Monday, March 18, 2013

Review: Ghost Key - Winter

I have a very special surprise for you today, boys and girls. Hailing from Peoria, Illinois, Ghost Key plays evocative, passionate, melodic hardcore in the vein of Frameworks and Oddczar. It's only been 2 months since they released this kickass EP in January of this year. Dealing with emotional and mental health, the futility and danger of religion, and the loneliness and agony of depression, this EP is a powerful one, with not one second of catharsis.

It's so cold in here, it's so quiet:

"Past.Present" - "My mind is a prison, and this is my hell." This opening line from Ghost Key is spat with rage from the dried lips of depression and hopelessness, with force and self-immolation like a burning monk. Self-agonizing lyrics are strewn over gunshot tight snare hits, drowsy guitar leads, and heavy-set bass that anchors the song in the harbor of beauty and angst. "You always said that I was weak, and I never proved that I was strong," reflecting the struggles of depression--finding motivation in nothing--and ending on the beautiful, haunting, "There's a noose hanging from the ceiling; it's the only place I've ever belonged."

"Fulfillment" - Reminiscent more of La Dispute leads (minus La Dispute crying), this song showcases delay-heavy guitar riffs, a grooving, three-note bass lead, and free-range drums that measure out the evocative lyrics, screamed from callused tongues, "Don't tell me a story about the boy who got better. Tell me a story about the one who never suffered." Although the lyrics on this track are somewhat confusing and esoteric, suffering from depression myself, I can account for how scatter-brained the lyrics may seem, simply for the sake of purity and emotion. One of the best emotional hardcore songs I've heard recently. Super impressed.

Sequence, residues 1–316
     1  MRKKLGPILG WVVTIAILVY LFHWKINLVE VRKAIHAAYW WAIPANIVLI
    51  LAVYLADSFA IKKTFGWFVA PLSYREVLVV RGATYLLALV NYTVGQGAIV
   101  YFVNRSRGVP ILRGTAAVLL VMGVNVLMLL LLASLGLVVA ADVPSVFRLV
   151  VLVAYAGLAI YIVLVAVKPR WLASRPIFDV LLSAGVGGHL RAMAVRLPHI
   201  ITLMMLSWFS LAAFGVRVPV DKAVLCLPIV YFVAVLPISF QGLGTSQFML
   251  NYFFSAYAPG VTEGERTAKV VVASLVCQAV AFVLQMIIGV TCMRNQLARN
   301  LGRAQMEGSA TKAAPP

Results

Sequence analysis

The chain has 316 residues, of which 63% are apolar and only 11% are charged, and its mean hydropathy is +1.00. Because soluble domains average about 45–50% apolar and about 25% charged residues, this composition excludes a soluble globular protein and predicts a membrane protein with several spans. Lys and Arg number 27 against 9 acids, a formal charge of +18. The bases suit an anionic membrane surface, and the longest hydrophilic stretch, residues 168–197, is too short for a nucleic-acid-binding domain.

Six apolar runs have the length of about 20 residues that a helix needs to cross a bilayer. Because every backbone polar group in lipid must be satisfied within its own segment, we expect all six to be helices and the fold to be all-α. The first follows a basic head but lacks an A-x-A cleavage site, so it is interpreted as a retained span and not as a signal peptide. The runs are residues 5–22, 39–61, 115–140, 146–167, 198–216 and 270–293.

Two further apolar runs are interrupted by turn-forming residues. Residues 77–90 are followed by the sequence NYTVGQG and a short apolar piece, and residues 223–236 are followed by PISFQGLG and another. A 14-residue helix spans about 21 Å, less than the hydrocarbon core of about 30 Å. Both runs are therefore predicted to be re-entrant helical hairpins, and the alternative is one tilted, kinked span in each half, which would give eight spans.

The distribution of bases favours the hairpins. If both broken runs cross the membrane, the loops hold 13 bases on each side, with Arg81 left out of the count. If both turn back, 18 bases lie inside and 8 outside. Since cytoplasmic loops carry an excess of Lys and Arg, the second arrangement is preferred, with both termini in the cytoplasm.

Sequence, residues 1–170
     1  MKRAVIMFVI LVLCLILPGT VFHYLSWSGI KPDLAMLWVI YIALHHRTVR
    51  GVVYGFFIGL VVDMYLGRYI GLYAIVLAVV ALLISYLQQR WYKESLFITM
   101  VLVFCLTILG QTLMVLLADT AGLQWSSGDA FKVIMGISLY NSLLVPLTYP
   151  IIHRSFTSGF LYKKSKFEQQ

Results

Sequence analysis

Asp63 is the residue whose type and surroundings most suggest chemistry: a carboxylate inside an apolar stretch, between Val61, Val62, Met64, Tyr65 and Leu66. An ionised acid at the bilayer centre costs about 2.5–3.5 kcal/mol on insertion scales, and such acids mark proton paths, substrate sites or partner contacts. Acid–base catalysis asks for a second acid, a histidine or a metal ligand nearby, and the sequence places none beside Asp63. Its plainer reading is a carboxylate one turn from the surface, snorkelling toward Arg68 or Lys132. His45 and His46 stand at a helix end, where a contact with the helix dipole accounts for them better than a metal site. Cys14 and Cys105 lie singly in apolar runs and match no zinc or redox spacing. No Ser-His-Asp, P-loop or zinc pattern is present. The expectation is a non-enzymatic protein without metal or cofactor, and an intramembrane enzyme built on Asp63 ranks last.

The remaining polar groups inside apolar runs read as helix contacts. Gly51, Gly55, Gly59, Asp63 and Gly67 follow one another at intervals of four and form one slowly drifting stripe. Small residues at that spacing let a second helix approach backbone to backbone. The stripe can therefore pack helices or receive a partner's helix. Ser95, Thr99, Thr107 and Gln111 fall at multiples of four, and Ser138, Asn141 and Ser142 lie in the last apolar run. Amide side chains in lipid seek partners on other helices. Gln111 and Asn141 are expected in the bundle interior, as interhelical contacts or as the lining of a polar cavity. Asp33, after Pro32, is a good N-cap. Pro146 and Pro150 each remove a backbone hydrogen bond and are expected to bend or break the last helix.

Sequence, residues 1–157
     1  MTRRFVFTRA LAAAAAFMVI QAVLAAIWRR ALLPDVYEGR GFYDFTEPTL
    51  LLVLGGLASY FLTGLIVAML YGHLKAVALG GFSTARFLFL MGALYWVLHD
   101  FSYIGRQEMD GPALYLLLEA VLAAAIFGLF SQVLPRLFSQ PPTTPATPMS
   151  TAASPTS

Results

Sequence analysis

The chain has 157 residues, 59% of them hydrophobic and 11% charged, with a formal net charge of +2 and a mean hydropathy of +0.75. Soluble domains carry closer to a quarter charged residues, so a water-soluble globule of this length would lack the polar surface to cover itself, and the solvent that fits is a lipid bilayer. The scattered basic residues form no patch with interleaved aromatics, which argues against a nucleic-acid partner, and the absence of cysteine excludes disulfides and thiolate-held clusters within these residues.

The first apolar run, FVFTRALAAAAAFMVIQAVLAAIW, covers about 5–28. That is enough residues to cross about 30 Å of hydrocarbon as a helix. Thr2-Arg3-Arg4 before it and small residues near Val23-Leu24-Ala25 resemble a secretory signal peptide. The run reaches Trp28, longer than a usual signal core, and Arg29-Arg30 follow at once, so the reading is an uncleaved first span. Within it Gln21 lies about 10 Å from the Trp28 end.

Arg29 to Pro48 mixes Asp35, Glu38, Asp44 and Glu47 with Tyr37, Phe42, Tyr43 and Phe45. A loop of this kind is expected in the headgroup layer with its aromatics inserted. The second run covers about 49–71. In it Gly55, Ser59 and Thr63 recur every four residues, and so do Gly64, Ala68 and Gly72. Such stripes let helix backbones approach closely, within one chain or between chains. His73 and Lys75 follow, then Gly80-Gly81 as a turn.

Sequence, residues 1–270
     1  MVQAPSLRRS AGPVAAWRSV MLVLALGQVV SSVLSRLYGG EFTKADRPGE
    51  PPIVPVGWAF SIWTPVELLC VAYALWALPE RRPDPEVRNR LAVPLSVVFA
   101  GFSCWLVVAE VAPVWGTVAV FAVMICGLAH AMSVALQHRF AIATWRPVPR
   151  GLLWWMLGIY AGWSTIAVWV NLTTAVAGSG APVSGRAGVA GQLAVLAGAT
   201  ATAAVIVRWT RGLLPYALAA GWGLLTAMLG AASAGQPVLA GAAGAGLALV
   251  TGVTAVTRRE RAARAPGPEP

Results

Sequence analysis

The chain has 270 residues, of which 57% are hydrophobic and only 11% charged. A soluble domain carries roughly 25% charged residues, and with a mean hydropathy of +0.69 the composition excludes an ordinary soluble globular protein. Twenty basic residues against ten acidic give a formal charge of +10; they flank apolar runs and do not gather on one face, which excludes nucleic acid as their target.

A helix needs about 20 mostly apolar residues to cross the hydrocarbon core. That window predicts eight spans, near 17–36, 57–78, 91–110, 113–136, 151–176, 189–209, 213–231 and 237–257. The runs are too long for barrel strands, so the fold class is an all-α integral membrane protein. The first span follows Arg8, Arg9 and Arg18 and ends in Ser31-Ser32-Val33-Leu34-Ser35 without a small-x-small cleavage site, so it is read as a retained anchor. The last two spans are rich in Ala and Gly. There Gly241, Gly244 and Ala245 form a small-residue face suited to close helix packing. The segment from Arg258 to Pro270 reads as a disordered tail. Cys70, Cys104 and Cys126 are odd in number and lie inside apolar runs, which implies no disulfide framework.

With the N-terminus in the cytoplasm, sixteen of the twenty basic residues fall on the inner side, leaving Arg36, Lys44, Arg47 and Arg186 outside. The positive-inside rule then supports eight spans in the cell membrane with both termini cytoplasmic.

"Stones" - Starting out in sporadic bashing of cymbals and syncopated vocals, this track leads into a fuzz-drowned verse, with excellent drum tracking to offset the muddled guitar. This song, with its off-key leads, simple 4/4 drums, and thumping bass, threw me off. But, trust me, it wasn't Ghost Key's fault. After a second listen-through of this track, I got it; and by "got it," I mean that I started weeping openly in the cafe I'm sitting in. The off-key leads, the "simple" drums, and the bass that I thought at first were "boring" and "frantically off-time," were actually meant to be there. Those elements are there intentionally to showcase the vocals and heart-wrenching lyrics of the song; they are there to show the self-destructive nature of the author, through the self-destruction of the song. "If I ever learned anything, never put your faith in God, because look what he's done to you." Wow. Weep, you fuckers.

"Rewritten" - A more energetic and structured intro than the other tracks on the album, this conclusion to the EP quickly fades back to the post-rock instrumentals/raspy vocals that you've grown to love by this point on the record. Dealing with the loss of a loved, but unloving, friend. As the song wears on, the instrumentals grow more faint, more frail, weaker; and the vocals gain more ground, ripping apart the final notes of this beautiful song with, "I'm sorry it was you."

Ghost Key, unlike many other emotional hardcore bands, have created an EP without any classic pitfalls or cliches that are so commonly associated with the genre. They have honed their skills, respected their art, and it has paid off tremendously on their debut. Go see them in Chicago, go buy their merch, and download this album, or it's your loss.